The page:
Semantics is the study of meaning in language, and depending on how you word statements or questions, you may get different answers. Take smoking, for example. You may think of cigarettes, but there are other forms of smoking such as pipe, cigar and hookah. The same could apply to the word vaping. Teens have turned that word around and the vaping device has become the act. Teens don’t vape, they Juul.
In trying to determine the number of teens vaping, health officials will have to specifically mention Juul as an example of an e-cigarette. When the results of the National Youth Tobacco Survey comes out new language will specifically target Juul as one type of e-cigarette. Those working on the survey anticipate an increase in e-cigarette use due to the updated language.
Last year government officials called teen vaping an “epidemic. Between 2017 and 2018, high school e-cigarette use increased 78% nationally. The previous survey named e-cigarette brands “Imperial Brands Plc’s Blu and Altria Group Inc.’s MarkTen” but didn’t include Juul. Altria has since bought a 35% stake in Juul amounting to $38 billion and has discontinued their MarkTen brand of e-cigarette. Juul will be added to this year’s survey and Suorin, a tear-drop shaped device that can be refilled with any e-liquid, will be added in 2020.
What made Juul so popular among teens is its use of social media. While Facebook and Instagram don’t allow tobacco advertising, they do allow pictures of teens using tobacco and vaping products, and the hashtags would promote the device. The Juul Twitter account refers to to them as @JUULvapor without mentioning them as an e-cigarette. Under pressure from the FDA, the U.S. Facebook and Instagram accounts were shut down in November.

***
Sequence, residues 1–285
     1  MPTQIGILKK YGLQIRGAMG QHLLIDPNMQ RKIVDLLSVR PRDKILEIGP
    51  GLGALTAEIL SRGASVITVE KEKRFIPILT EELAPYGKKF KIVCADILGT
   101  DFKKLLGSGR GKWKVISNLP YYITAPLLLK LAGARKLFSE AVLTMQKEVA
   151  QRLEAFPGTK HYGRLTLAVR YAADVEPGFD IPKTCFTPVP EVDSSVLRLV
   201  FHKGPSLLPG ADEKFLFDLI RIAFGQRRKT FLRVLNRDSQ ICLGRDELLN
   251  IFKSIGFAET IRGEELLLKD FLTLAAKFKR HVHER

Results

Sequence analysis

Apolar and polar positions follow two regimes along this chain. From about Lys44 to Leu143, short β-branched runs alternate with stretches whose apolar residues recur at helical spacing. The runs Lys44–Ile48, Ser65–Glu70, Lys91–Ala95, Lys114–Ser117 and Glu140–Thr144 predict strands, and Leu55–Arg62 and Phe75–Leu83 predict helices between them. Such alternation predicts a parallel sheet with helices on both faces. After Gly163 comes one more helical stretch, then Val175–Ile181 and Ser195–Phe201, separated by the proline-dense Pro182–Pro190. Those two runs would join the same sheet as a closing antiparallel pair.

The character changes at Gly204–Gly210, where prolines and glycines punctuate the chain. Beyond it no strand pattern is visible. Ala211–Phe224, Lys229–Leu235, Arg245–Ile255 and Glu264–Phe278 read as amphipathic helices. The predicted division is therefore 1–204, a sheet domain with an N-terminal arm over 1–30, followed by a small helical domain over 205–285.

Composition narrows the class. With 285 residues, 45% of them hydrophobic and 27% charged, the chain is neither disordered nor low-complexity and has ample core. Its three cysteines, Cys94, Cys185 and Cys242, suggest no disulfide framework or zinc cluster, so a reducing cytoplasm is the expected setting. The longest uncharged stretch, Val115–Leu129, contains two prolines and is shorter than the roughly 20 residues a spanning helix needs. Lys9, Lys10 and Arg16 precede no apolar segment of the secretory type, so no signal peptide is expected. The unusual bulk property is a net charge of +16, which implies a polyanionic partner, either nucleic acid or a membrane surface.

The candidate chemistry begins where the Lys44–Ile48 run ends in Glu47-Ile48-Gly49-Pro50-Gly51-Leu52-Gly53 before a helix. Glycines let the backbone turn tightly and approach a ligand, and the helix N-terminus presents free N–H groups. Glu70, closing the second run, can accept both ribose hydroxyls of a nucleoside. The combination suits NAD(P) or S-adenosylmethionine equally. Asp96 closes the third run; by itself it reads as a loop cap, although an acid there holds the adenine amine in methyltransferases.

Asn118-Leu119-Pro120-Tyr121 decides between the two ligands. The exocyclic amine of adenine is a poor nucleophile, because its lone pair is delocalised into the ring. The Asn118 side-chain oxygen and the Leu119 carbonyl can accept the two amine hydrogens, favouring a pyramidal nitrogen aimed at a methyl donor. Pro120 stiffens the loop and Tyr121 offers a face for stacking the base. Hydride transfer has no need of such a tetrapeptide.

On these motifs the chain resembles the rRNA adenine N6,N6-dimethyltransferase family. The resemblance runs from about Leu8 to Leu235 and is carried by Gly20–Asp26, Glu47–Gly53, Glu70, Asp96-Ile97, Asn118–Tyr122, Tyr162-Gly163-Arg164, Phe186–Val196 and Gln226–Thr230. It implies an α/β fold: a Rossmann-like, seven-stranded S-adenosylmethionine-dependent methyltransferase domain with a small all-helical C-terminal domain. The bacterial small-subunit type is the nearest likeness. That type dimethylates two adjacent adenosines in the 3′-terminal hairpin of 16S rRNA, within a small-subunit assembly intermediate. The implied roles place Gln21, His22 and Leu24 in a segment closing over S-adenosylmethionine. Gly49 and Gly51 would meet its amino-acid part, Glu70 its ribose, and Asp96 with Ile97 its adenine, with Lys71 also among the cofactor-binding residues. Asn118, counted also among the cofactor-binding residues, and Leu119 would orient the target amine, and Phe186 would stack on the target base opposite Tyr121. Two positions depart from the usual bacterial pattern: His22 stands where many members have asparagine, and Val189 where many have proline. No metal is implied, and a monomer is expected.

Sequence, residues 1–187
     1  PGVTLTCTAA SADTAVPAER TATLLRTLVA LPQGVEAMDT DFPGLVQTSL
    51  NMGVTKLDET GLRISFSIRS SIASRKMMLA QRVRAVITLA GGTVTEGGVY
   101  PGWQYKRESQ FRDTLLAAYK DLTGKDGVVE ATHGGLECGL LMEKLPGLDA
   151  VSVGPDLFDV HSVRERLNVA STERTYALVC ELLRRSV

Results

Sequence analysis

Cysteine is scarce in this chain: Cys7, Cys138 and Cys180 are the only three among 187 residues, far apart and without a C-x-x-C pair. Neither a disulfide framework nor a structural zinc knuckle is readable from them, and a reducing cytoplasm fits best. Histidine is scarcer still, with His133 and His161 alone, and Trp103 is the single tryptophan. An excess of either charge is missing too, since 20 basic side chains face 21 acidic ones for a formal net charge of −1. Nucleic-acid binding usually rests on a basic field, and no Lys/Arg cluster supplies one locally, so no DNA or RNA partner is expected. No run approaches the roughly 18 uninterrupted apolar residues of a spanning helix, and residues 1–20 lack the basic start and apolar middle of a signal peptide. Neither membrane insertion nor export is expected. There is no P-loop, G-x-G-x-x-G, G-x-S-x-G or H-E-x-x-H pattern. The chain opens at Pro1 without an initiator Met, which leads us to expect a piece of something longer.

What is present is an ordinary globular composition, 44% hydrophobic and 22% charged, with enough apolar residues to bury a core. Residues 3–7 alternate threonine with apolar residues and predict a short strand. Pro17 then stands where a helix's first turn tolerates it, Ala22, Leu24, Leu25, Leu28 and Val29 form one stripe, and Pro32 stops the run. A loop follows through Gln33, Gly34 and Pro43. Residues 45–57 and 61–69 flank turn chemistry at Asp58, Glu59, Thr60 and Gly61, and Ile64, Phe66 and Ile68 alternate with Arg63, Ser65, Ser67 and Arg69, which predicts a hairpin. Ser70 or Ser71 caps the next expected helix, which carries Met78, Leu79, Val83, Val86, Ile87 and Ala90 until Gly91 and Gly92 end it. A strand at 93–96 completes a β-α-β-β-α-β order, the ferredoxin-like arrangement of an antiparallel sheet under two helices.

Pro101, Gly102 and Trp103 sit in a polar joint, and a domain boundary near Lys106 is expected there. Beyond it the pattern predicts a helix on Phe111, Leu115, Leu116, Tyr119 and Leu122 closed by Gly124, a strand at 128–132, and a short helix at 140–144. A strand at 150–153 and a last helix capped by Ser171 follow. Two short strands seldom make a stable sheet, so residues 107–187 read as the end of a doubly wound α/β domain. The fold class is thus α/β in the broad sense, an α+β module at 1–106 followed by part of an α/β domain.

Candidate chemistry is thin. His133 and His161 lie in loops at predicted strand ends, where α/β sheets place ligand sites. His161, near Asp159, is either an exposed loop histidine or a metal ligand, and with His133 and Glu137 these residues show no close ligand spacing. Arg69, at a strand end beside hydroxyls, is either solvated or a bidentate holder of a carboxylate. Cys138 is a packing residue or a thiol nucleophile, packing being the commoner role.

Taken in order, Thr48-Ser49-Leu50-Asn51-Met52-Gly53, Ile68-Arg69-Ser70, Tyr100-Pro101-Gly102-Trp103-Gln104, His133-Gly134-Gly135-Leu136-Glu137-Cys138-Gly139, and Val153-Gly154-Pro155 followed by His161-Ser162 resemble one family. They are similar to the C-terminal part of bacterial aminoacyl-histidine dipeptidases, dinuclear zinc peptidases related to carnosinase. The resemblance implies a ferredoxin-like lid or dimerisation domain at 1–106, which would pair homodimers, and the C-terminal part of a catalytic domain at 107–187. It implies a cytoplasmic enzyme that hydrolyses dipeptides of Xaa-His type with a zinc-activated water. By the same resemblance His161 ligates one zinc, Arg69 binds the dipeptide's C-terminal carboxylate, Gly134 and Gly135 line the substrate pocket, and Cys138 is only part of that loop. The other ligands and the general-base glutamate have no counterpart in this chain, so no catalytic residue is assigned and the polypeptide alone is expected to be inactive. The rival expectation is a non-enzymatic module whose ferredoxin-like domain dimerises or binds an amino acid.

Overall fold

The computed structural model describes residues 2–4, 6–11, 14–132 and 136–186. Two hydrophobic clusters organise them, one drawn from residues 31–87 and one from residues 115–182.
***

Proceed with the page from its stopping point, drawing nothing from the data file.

Juul product packaging now contains warning labels about nicotine and its addictive properties, but that wasn’t always the case. Most earlier users didn’t know the product contained nicotine or was addictive. A survey in November 2018 by Truth Initiative found 63% of Juul users 15 to 24 didn’t know the product contains nicotine. And those who did know about the nicotine weren’t aware of potential downsides. One 22 year old user who goes through a pod a day (nicotine equivalent of a pack of cigarettes), said that Juul has “been marketed as something not damaging to our health at all.” Research is now showing that e-cigarettes are probably as bad as traditional cigarettes.
The FDA is trying to do damage control with ads on Hulu, Facebook and Spotify warning kids that nicotine would reprogram their brains. And new prevention ads regarding vaping products will be on television networks starting in May. It’s a fine line between getting adults to switch to vaping products while not encouraging teens to take up vaping.
Click HERE for the entire article.